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The Vision Editors Travel to Presidential Rally

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The Vision Editors Travel to Presidential Rally

News Editor Brady Suttles interviews an undecided voter.

News Editor Brady Suttles interviews an undecided voter.

Gina Nguyen

News Editor Brady Suttles interviews an undecided voter.

Gina Nguyen

Gina Nguyen

News Editor Brady Suttles interviews an undecided voter.

Davan Reece, Staff Writer

The Vision Editor-in-Chief Helen Peng, News Editor Brady Suttles, Opinion Editor Timothy Lewis and Photography Editor Gina Nguyen traveled to Tupelo to cover the November 26 Trump rally held in light of the controversial run-off election between Republican Cindy Hyde-Smith and Democrat Mike Espy.

Courtesy of Xiaoling Tong
(Left to right) Brady Suttles, Timothy Lewis, and Helen Peng receive their media passes.

Hyde-Smith, appointed by Governor Phil Bryant earlier this year to take retired U.S. Senator Thad Cochran’s seat in the Congress, ran against former U.S. Secretary of Agriculture Mike Espy. Hyde-Smith’s campaign was fraught with controversial remarks such as a joke about attending a public hanging and suggesting making “just a little more difficult” for college students to vote is a “great idea.”

A known supporter of Hyde-Smith, Trump traveled to Tupelo and Biloxi to reinforce her campaign. The November 26 rally was held at the Tupelo Regional Airport, and media outlet representatives were sectioned off in the center of the crowd. The Vision editors obtained press passes, spoke with Trump supporters, and stood in the media section, listening to the President’s remarks which included his regular campaign rhetoric and choice words for the media itself.

“I was definitely out of my comfort zone,” said Editor-in-Chief Helen Peng. “As an ethnic minority, it was especially different, but the experience definitely wasn’t negative.”

Gina Nguyen
Supporters are encouraged to vote to ensure Hyde-Smith wins.

Peng wasn’t caught off-guard with the President’s comments to the media. “Without getting political, [the remarks] didn’t surprise me at all. It’s just sad that, as journalists, we report the truth and apparently there seems to be a lack of respect for that.”

Despite discouraging remarks from the Commander-in-Chief, Peng says that she is eager to pursue her next assignment. “I absolutely would do it again, and I definitely want to do more.”

News Editor Brady Suttles recounted his experience at the event. “Coming to a Trump rally makes me want to not be Republican,” said Suttles. “I had never been so proud to be an American when seeing my President step off the plane 20 yards from me, but when he opened his mouth to speak and immediately attacked the media, calling us ‘fake news,’ my spirits quickly subsided. The atmosphere of hate on the part of the supporters, fueled by President Trump, was not something that made me proud to be a Republicanand to an extentproud to be American.”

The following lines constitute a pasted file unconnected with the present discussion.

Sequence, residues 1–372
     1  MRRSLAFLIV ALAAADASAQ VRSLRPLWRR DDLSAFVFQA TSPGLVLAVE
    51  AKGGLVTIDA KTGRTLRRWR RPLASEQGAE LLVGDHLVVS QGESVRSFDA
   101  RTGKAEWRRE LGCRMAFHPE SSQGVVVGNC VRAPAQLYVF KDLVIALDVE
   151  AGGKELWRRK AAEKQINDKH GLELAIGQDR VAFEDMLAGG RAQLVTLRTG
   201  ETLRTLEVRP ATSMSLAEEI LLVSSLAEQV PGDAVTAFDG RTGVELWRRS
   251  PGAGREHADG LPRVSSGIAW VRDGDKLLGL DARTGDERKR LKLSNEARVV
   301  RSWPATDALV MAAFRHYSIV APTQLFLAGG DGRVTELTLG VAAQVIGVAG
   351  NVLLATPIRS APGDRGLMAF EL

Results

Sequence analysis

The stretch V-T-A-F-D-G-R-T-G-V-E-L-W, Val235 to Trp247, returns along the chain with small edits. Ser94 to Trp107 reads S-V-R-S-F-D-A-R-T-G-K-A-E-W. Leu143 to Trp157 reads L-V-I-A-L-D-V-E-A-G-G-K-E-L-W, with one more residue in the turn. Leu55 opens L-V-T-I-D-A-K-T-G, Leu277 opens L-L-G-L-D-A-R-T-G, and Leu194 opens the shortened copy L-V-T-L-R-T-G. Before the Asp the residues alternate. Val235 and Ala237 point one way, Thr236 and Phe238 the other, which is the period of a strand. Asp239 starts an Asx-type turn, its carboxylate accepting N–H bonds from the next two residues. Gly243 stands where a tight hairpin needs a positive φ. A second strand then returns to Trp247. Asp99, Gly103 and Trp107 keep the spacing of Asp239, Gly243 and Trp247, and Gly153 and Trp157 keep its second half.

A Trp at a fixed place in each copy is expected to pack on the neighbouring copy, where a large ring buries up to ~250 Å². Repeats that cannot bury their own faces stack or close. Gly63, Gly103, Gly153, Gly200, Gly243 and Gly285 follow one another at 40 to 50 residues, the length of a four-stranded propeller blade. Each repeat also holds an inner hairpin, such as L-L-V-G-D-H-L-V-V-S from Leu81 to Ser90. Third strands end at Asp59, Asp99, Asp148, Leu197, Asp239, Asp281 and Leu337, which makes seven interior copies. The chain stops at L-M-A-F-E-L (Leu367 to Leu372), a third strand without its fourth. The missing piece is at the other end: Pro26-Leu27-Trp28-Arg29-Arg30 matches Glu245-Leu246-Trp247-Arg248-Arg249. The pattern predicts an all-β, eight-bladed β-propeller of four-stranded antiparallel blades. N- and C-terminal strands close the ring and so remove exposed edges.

However, Suttles is not letting this experience deter him from his future aspirations in journalism. “It only ignited my passion further,” said Suttles. “It made me want to report the truth more.”

Opinion Editor Timothy Lewis also traveled with his fellow editors to Tupelo, the same town where Hyde-Smith made her controversial remarks about attending a public hanging. “It reinforced my pre-existing beliefs about the majority of Trump supporters,” said Lewis. Like Suttles, Lewis did not take kindly to the harsh words about the media from the president. “Being called ‘fake news’ was a rather interesting and galvanizing experience. It sort of made me feel less opposed to the other news outlets.”

Helen Peng
Opinion Editor Timothy Lewis reviews his notes after conducting several interviews.

Nevertheless, Lewis stands unshaken from the President’s words. “I had to suppress my natural disposition to say things back to old ladies. I think it was a good experience. It gives me a lot of ammo to use against my parents in arguments.”

“It was, overall, a really cool experience, being able to go out there in a realistic experience,” said Nguyen.

As The Vision’s Photography Editor, Nguyen saw the rally as an ample opportunity to display her craft. “I always see pictures from the Women’s March and rallies, and for some reason, political images that portray certain messages with deeper meanings always gets to me. It was really cool to get to be the one behind the camera and take those shots that I always see on social media.”

Nguyen chose to see the “fake news” comments in a different light. “I had people come up to me like ‘Oh my gosh, I heard you got called fake news!’ and I was [sarcastically] like ‘By the one and only!’”

“With all the recent news of journalist Jamal Khashoggi being murdered, there is a little bit of fear, but this doesn’t turn me away from journalism. I would most definitely do this again.”

Following the November 27 run-off elections, Hyde-Smith won by 7.8%, securing her seat in Congress.

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About the Contributors
Davan Reece, Staff Writer

What's up! My name is Davan Reece, and I'm a junior from Byram, Mississippi. I'm a staff writer here at The Vision. My dream college is Northwestern,...

Gina Nguyen, Photography Editor

Gina Nguyen, this year's Photography Editor, is from d'Iberville, MS. She is a part of the MSMS Graduating Class of 2020. Being a part of The Vision gives...

Helen Peng, Editor-in-Chief

Helen Peng, a senior from Starkville, MS, is the Editor-in-Chief for the Vision. In her spare time, Peng eats oranges at the library, draws random people,...

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